In my last entry I shared some of the lies that have held me captive. “I am powerless, there is no hope.” Here is how these lies can be replaced with truth. It’s not an easy process, sometimes it helps to have a trusted spiritual director who can walk through this with you. I’d be honored to walk with you through this exercise. Contact me if you like.

Identify an inciting incident – Prayerfully recall a specific incident from childhood that typifies how you began to believe the lie. My lie was a sense of powerlessness, yours will most likely be something different. On a family camping trip, when I was around seven years old, I was holding my mom’s hand as we walked on a small dam across a tiny creek. It was a hot day and the pond the dam created looked so inviting and cool. My mom kept saying, “Don’t go in the water” as she would push me toward the pond with a smile on her face. It was very confusing for me. I kept trying to not go in the water because that is what she told me to do. Her words said one thing, and her actions said another. I didn’t know which to obey.

Experience the feelings related to that incident – Revisit the scene in your imagination, let it come alive and get in touch with what you felt at the time.  I felt confused. I wanted to do what was asked of me, but I couldn’t determine which demand I should obey: to stay out of the water or to let my mom push me into it.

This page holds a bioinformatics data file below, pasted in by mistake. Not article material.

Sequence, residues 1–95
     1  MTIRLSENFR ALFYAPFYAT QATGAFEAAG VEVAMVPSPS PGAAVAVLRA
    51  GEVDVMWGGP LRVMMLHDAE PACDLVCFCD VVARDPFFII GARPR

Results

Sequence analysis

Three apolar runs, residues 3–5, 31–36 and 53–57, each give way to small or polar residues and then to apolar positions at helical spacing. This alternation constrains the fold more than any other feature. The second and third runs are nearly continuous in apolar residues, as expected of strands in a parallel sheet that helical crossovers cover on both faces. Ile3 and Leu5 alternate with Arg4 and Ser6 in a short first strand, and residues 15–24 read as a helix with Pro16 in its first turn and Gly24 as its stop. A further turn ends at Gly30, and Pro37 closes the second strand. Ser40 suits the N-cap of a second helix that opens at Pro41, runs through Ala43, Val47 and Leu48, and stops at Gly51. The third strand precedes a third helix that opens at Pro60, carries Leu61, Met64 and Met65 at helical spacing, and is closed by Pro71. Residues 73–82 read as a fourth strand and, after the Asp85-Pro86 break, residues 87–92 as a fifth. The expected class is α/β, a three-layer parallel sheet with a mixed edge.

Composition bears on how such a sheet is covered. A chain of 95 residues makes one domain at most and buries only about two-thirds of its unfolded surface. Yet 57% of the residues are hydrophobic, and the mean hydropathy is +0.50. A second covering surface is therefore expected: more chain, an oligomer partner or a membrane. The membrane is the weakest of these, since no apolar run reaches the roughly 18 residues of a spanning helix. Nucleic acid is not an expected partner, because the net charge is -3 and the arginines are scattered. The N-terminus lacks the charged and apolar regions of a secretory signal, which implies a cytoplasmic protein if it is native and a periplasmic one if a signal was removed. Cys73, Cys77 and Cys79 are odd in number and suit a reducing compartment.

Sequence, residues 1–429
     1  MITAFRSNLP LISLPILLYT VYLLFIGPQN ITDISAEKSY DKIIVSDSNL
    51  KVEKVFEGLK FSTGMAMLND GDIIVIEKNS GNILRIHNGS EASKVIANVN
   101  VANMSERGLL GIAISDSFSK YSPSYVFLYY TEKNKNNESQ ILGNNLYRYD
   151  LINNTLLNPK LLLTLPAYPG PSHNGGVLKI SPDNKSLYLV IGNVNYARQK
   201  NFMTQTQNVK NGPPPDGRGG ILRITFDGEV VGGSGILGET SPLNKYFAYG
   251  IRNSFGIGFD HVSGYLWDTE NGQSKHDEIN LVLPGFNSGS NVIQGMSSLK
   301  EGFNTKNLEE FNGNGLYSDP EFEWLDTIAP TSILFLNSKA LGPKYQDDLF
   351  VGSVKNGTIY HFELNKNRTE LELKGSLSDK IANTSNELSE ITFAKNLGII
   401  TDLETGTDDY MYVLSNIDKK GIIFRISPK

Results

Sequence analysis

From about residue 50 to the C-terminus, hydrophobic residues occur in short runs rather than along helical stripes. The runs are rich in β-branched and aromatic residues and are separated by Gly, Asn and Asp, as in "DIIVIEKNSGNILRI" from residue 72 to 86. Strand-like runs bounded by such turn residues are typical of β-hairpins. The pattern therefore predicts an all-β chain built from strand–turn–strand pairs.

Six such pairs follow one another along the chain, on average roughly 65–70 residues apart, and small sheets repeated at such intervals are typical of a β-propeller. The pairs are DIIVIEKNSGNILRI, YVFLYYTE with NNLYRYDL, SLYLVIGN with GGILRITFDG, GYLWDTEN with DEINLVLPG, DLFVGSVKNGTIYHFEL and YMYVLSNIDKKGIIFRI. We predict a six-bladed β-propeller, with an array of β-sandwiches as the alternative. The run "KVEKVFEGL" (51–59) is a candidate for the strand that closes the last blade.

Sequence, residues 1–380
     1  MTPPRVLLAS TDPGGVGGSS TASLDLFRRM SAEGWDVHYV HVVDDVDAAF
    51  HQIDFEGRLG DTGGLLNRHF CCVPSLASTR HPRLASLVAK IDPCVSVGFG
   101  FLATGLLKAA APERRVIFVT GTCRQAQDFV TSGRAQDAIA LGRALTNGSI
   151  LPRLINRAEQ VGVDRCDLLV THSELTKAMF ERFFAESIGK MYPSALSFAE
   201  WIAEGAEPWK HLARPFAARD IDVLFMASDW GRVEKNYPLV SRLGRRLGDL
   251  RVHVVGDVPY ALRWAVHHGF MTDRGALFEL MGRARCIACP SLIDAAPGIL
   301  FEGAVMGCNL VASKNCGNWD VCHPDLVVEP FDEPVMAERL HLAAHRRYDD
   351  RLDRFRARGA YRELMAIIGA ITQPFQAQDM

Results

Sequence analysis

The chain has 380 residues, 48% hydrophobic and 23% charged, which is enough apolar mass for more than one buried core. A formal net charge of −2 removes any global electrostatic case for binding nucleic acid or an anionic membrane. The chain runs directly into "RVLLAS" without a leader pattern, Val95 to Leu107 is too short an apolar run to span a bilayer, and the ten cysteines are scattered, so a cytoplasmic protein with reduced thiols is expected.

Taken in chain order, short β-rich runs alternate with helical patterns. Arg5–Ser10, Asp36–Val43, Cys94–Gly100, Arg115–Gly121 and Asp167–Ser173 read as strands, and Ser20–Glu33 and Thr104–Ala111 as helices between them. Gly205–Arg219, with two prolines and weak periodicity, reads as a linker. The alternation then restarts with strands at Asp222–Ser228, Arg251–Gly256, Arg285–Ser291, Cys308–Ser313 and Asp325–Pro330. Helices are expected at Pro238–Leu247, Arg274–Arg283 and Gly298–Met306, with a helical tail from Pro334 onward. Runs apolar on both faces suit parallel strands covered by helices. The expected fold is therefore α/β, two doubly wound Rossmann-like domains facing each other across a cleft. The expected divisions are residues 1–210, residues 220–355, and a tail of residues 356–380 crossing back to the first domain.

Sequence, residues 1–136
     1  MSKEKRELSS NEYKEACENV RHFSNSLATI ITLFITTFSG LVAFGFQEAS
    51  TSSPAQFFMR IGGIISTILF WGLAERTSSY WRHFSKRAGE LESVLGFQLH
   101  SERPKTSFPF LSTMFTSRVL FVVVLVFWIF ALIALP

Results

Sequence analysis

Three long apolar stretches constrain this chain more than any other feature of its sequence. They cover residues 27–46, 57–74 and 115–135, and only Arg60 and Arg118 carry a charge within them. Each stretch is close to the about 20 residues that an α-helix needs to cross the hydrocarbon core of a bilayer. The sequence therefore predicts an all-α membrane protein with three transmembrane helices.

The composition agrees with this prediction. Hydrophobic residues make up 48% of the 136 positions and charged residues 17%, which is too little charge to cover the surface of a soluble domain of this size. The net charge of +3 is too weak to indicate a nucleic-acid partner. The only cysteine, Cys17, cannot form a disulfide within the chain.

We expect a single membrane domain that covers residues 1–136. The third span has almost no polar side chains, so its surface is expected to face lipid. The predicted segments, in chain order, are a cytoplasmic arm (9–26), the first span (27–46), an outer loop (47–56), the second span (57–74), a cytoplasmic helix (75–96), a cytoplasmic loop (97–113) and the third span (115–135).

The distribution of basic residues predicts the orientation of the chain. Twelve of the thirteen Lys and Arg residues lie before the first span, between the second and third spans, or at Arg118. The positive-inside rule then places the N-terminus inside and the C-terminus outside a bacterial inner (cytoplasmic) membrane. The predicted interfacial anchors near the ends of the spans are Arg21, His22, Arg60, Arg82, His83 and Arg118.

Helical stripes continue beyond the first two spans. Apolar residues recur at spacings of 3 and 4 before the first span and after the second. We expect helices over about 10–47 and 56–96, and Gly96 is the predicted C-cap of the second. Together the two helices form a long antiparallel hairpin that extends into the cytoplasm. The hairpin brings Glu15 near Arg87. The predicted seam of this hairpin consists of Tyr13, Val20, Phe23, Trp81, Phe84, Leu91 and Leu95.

Messages/tapes that play – As a result of such incidents what messages does your subconscious hear and live by? Any decision I make will be the wrong one. I’ll get in trouble whatever I do. 

Vows I make (beliefs I hold) – What is your response to these messages? How have you determined to act in response to their demands?  I will not make any decision on my own. I will keep still and let others decide for me. 

Impact of vows – How has keeping this vow, holding these beliefs impacted your life? – I’m indecisive, passive, untrusting. I don’t know myself, I blame others for my failures. 

Relive incident with Jesus – Prayerfully re-imagine the inciting incident but this time Jesus is there with you. What does he say/do? How does he act? Notice your feelings as you re-experience the event. How does what you learned of him in your scripture study impact the outcome of this scene? Jesus walks behind us on the dam as I cross it with my mom. I know he’s there. When my mom begins to tease me by issuing conflicting messages, I hear Jesus behind me saying, “You are not crazy for being confused. Your mom is teasing you, she’s trying to be playful. She’s not trying to harm you. Relax, you can trust your instincts.” Jesus then comes between us, puts his arms around our shoulders and we all jump into the pond with surprise and laughter.

Ensuring acceptance and approval

We continue with our exploration of the important question, “Who am I?” The series begins here.

koolaid

We’ve drank the Kool-aid.

Our families, the feedback we receive from people, the culture and media all conspire to mis-shape us, to convince us, either innocently or intentionally, that who we are is not enough. Sadly, we have come to believe this. Most of us live with a deep-seated, core belief that we are not okay, there is something fundamentally wrong with us.

HOW WE HANDLE THIS

When I was in college there was a popular book written by John Powell, “Why am I afraid to tell you who I am?” Powell answered the question for his readers, “because if I tell you who I am, you may not like who I am and I’m all I got.”